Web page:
Incidence of chronic kidney disease and its risk factors, results of over 10 year follow up in an Iranian cohort

PLoS One. 2012;7(9):e45304. doi: 10.1371/journal.pone.0045304. Epub 2012 Sep 27.


To examine, the predictors of incident chronic kidney disease (CKD) in a community-based cohort of Middle East population, during a mean follow-up of 9.9 years. In a sample of 3313 non-CKD Iranian adults ≥20 years the estimated glomerular filtration rate (eGFR) was calculated at baseline and at three year intervals during three consecutive phases. The eGFR <60 mL/min/1.73 m2 was defined as CKD. Multivariate Logistic regression analysis was used to determine the independent variables associated with incident CKD. The incidence density rates of CKD were 285.3 and 132.6 per 10,000 person-year, among women and men, respectively. Female gender per se was associated with higher risk of CKD, compared with males. Among women, age, eGFR, known diabetes, being single or divorced/widowed, hypertension (marginally significant) and current smoking were independent risk factors for CKD; however the intermediate degree of education and family history of diabetes decreased the risk by 40% (P<0.05). Among male subjects, independent predictors of developing CKD included aging and hypertension (with significantly higher risk than in women, P for interaction<0.05), eGFR, new diagnosed diabetes, high normal blood pressure; abdominal obesity decreased the risk of CKD about 30% which was marginally significant. In the Iranian population,>2% of individuals develops CKD each year. Our findings confirmed that sex- specific risk predictors should be considered in primary prevention for incident CKD.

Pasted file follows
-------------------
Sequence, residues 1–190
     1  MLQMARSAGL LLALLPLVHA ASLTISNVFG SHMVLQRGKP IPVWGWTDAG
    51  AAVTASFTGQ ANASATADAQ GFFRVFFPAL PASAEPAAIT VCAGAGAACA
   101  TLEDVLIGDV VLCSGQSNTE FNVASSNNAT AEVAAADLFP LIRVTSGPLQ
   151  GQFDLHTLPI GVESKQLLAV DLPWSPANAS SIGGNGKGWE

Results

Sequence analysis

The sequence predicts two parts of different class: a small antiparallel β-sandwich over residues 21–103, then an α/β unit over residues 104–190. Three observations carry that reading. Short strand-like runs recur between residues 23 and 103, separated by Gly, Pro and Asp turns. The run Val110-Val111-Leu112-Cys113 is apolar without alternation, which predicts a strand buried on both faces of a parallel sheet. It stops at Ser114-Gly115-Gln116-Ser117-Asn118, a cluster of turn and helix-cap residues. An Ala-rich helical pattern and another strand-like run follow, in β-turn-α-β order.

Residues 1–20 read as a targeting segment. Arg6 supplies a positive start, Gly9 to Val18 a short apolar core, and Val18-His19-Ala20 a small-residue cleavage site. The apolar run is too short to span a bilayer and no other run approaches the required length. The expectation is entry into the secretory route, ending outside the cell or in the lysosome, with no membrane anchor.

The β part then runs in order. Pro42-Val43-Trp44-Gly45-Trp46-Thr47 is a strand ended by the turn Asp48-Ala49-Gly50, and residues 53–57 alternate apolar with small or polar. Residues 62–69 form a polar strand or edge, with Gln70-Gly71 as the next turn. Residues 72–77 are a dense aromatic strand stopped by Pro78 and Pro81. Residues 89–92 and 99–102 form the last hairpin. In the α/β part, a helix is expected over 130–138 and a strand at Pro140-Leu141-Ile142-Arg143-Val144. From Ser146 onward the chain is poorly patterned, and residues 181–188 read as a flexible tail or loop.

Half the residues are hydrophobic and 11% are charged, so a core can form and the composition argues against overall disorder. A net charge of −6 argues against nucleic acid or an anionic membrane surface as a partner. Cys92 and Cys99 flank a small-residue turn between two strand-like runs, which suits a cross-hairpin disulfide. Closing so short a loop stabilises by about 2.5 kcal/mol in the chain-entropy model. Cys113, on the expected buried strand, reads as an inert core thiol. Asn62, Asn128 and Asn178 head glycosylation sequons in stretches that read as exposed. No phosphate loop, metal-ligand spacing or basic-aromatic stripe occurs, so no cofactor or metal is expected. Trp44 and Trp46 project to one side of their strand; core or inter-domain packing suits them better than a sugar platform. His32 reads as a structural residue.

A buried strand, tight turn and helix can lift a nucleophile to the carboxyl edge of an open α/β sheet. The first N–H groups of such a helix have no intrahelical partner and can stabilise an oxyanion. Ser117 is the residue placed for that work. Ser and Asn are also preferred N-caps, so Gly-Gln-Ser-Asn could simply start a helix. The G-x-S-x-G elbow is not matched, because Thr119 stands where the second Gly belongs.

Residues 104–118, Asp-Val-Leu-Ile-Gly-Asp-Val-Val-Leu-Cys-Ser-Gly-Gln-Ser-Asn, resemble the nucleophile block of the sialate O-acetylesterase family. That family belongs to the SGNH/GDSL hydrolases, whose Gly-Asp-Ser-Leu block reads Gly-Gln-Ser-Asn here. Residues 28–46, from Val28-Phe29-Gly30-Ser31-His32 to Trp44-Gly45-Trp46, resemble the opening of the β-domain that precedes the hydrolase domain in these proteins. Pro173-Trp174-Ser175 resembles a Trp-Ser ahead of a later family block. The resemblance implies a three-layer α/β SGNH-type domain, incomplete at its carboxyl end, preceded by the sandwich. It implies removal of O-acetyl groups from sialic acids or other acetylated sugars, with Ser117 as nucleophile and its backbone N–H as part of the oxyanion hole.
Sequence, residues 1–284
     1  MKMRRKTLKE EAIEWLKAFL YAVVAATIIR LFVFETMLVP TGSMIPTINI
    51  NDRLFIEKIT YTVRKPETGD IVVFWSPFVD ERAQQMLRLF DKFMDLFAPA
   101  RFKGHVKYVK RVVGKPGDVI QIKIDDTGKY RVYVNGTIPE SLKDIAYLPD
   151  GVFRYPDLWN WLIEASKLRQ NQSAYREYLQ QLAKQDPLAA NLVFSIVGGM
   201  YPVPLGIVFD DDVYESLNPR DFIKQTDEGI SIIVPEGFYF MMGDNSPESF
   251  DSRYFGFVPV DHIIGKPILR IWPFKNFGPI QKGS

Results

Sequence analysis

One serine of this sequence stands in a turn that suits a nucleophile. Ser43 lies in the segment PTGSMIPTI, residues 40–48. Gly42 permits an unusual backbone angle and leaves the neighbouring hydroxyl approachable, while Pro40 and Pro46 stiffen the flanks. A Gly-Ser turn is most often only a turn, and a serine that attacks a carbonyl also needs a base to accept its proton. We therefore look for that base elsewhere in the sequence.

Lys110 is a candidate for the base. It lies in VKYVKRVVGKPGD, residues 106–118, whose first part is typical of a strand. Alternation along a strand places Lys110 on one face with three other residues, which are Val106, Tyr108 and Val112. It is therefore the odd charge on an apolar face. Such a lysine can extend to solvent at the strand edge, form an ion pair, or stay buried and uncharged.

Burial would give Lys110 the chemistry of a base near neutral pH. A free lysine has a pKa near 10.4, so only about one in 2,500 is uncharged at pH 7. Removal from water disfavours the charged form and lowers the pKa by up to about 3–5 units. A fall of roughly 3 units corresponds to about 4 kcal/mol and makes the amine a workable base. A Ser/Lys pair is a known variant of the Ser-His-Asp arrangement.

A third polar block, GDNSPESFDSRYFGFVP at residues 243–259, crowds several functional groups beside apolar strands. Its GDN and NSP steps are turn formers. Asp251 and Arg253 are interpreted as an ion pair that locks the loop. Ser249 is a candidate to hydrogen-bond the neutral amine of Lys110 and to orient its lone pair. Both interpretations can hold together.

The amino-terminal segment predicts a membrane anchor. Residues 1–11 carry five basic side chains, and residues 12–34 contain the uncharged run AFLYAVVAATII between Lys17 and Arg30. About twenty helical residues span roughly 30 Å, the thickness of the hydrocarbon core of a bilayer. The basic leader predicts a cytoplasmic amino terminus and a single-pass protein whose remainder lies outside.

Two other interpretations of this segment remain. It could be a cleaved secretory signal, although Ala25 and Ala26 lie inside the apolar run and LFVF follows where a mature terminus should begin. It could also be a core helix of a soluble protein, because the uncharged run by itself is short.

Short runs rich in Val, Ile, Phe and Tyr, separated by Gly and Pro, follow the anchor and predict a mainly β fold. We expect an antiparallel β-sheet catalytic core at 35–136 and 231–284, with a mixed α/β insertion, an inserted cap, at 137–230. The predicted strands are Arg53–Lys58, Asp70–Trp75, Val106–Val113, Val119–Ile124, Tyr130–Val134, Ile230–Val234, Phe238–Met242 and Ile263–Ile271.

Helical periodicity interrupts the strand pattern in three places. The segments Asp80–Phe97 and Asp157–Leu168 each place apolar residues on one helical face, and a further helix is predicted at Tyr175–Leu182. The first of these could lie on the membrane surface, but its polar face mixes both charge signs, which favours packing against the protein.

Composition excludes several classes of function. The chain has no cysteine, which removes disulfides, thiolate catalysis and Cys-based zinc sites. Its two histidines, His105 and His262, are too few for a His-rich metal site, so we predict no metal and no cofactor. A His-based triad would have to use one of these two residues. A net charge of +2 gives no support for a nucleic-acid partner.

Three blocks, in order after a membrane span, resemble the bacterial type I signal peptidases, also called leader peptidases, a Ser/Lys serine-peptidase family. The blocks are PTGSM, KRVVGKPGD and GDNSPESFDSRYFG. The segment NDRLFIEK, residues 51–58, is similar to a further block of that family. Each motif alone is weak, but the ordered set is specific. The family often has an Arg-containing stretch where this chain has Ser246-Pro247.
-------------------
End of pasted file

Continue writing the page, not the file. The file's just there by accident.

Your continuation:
Publication types

  • Research Support, Non-U.S. Gov't

MeSH terms

  • Adult
  • Age Distribution
  • Female
  • Glomerular Filtration Rate / physiology
  • Humans
  • Hypertension / complications
  • Male
  • Middle Aged
  • Renal Insufficiency, Chronic / epidemiology*
  • Renal Insufficiency, Chronic / etiology
  • Renal Insufficiency, Chronic / physiopathology
  • Risk Factors
  • Sex Distribution
  • Smoking / adverse effects

Grant support

This study was supported by grant number 121 from the National Research Council of the Islamic Republic of Iran. The funders had no role in study design, data collection and analysis, decision to publish, or preparation of the manuscript.